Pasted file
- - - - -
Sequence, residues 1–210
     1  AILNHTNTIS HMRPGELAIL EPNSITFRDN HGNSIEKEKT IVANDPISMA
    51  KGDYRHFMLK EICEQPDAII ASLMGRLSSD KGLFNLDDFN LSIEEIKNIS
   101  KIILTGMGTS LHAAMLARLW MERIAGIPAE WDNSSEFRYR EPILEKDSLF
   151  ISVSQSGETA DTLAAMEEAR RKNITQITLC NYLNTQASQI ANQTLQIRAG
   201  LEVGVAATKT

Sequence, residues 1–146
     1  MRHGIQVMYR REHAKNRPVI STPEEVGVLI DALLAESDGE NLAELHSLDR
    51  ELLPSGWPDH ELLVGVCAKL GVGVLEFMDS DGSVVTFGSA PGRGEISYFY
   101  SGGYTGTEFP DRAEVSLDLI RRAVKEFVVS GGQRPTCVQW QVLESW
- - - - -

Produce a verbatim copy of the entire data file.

Sequence, residues 1–210
     1  AILNHTNTIS HMRPGELAIL EPNSITFRDN HGNSIEKEKT IVANDPISMA
    51  KGDYRHFMLK EICEQPDAII ASLMGRLSSD KGLFNLDDFN LSIEEIKNIS
   101  KIILTGMGTS LHAAMLARLW MERIAGIPAE WDNSSEFRYR EPILEKDSLF
   151  ISVSQSGETA DTLAAMEEAR RKNITQITLC NYLNTQASQI ANQTLQIRAG
   201  LEVGVAATKT

Sequence, residues 1–146
     1  MRHGIQVMYR REHAKNRPVI STPEEVGVLI DALLAESDGE NLAELHSLDR
    51  ELLPSGWPDH ELLVGVCAKL GVGVLEFMDS DGSVVTFGSA PGRGEISYFY
   101  SGGYTGTEFP DRAEVSLDLI RRAVKEFVVS GGQRPTCVQW QVLESW